There are more than 400 types of mycotoxin present, especially in feed for carp, red tilapia, rainbow trout and Pacific white shrimp.

"Although levels since 2014 have decreased, co-occurrence of mycotoxins -- two or more toxins present at the same time -- is more frequent," Goncalves said.

The toxin is often present at harmful levels, to different extents depending on the region.

Biomin is the only company that has a developed an EU-backed technology to mitigate the effects of mycotoxin.

Three of Biomins’ products -- Mycofix secure, Biomin BBSH, and FUMzyme -- can reduce the effects of mycotoxin either by deactivation or absorption.


Wednesday, March 7, 11.45 a.m. CET

How can phytogenics help aquaculture?

Phytogenics can in fact contribute to the three main pillars of sustainability: nutrition, environment, and disease.

These feed additives have an important role to play, they have two main components: sensory properties to support feed intake with development in smell and taste with palatability enhancers or odor masking, and biological properties, or the chemical structure of essential oils to support performance.

In addition, phytogenics play an important role in improving gut microbiota, promoting beneficial bacteria and inhibiting some of the most pathogenic bacteria.

It can also enhance feed conversion, and adjust digestive secretion, said Michael Noonan, Global Product Manager at Biomin’s Phytogenics division.

All this improves nutrient digestibility, reduces competition for nutrients, eliminates problems with microbial toxins, and help the fish develop a less demanding immune system. In turn, this reduces ammonia, bacteria growth, and saves energy to grow.

“Phytogenics improve performance, sustainability, reduce costs, and it improves fish and fillet quality, overall. Ultimately, this leads to higher profitability," said Noonan.


Wednesday, March 7, 11.20 a.m. CET

Are we feeding shrimp unnaturally?

One big mistake in shrimp feed: “never coat shrimp feed with neutral or negative components, because it reduces the intake,” said Piet Verstraete, from 4Sea, during his presentation on fishmeal challenges and opportunities.

In fact, he said, there are a few mistakes in shrimp feeding. According to a recently study commissioned by 4Seas, shrimp – by nature – would choose to eat 85 percent of its feed before the sun rises and after it sets.

This is completely different to the times at which workers feed the ponds.

“This is why more and more automatic systems will be used, like in marine fish farms,” said Verstraete.

“This would give the right amount of feed at the right time, reducing waste and improving intake and performance.”


Wednesday, March 7, 11.14 a.m. CET

An unsustainable situation

Today fishmeal prices are at $1,700 per metric ton, while fish oil prices are at $2,000 per metric ton.

“We no longer look at just Peru or Chile, but also Mauritania, Angola, whenever there is the minimum volumes to put the basic levels in feed, but we cannot continue like this,” said Piet Verstraete, 4SEA Consulting.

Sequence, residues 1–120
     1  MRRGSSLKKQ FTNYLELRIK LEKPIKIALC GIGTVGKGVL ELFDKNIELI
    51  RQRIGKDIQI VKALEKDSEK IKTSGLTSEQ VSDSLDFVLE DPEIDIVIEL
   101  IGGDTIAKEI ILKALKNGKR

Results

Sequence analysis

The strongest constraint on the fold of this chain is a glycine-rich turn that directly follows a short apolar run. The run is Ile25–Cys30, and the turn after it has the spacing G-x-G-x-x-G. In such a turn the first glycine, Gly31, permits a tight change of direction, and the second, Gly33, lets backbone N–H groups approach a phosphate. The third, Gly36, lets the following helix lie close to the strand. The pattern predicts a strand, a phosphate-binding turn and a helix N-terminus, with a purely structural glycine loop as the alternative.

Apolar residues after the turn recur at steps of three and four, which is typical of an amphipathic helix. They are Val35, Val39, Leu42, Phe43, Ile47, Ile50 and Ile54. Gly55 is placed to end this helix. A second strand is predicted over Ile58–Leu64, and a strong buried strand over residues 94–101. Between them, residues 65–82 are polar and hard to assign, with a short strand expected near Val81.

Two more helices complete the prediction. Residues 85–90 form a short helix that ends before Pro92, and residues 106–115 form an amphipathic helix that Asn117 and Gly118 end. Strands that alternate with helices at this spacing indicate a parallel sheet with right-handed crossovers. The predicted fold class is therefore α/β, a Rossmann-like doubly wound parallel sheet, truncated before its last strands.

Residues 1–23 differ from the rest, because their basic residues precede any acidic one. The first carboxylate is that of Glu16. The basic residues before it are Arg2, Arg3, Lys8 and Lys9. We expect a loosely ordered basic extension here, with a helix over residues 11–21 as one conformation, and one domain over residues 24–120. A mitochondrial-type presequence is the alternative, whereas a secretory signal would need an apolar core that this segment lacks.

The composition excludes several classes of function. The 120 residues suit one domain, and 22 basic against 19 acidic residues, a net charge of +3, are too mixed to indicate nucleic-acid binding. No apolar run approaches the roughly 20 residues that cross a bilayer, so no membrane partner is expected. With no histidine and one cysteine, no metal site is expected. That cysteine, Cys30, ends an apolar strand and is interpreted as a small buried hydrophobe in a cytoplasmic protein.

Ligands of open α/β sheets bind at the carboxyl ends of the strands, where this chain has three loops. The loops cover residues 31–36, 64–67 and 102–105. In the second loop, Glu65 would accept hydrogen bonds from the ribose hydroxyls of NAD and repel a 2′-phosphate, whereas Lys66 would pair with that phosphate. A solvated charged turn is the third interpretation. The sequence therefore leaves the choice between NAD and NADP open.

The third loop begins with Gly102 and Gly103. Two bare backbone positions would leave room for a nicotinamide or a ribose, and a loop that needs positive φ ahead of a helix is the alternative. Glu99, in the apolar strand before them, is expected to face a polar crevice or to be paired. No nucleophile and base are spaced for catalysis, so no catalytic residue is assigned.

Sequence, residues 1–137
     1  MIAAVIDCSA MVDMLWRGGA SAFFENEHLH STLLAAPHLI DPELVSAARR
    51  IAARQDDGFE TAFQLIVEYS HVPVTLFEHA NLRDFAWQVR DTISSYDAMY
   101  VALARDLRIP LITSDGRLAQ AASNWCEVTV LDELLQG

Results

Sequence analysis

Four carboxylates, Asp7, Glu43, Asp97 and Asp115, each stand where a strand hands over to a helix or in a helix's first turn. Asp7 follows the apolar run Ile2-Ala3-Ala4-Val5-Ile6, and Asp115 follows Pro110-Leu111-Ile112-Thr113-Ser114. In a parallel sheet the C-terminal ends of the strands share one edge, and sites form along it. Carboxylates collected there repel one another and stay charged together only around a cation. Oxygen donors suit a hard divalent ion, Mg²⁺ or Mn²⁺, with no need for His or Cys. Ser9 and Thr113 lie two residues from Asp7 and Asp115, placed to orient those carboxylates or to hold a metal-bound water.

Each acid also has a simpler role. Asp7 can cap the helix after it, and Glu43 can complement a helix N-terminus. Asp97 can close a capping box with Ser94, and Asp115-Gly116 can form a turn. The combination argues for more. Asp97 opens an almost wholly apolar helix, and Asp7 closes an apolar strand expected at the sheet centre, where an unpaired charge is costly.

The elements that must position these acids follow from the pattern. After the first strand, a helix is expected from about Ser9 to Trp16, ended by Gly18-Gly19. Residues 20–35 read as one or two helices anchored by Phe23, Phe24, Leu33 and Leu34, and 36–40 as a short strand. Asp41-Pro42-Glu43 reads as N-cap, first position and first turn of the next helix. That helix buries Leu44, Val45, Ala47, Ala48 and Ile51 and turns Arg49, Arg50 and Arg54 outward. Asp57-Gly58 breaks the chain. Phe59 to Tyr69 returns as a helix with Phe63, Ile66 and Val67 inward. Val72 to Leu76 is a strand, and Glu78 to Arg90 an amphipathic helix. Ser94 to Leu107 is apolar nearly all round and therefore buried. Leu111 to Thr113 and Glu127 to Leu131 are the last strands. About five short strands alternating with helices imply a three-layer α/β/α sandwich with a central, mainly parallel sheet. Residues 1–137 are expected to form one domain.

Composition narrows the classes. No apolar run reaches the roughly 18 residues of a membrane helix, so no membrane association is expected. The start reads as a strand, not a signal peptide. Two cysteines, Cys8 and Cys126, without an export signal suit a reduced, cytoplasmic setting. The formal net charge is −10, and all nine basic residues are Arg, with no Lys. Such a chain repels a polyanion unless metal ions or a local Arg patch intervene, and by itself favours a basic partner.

The substitution of fishmeal continues to be a challenge for the aquaculture feed industry. Although replacement has been achieved to a considerable level for certain species, other sectors such as shrimp are well behind.

In addition, the complexity of the task does not only relate to economic challenges, but also the nutritional composition of fishmeal itself: not just in terms of protein, but also amino acids, micro nutrients and the ratio of digestible protein and energy.

Although there are already viable alternatives, there are also many challenges in terms of data collection, and in replacing each and all of the nutrients to the right level – without falling short or exceeding the different needs of the species – in order to optimize performance, feed intake and quality.

One thing is clear, at the end of the day, your client will just ask for the right feed, regardless of the ingredients used.

According to a new study by Corbion, 4,700 consumers from the United States, Italy, the United Kingdom, Germany, Brazil and China, agreed on three factors when it comes to buying fish: That is responsibly farmed, that it meets the heart healthy claim, and that it has the highest composition in good fats.

It is now up to the industry to find the balance and come up with those solutions.


Wednesday, March 7, 9.00 a.m. CET

Welcome to Austria

Austria-based animal nutrition company Biomin’s Aqua Days two-day event is kicking off in Getzersdof, Austria, at the company's headquarters. The program will cover the main issues in feed development and alternatives.

The fishmeal dilemma will be a central topic with experts providing insight on the reduction of fish-based ingredients, the challenges and opportunities and sustainability in aquaculture.

During the two day event, speakers will also cover animal health and immunity focusing on shrimp diseases and mitigation measures.

Biomin, a technology and solution provider to the feed aquaculture industry, is also introducing its aquaculture center for applied nutrition, with an opening speech by Plinio Barbarino, managing director of the Mediterranean, Middle East and Africa (MMEA) divisions at Biomin.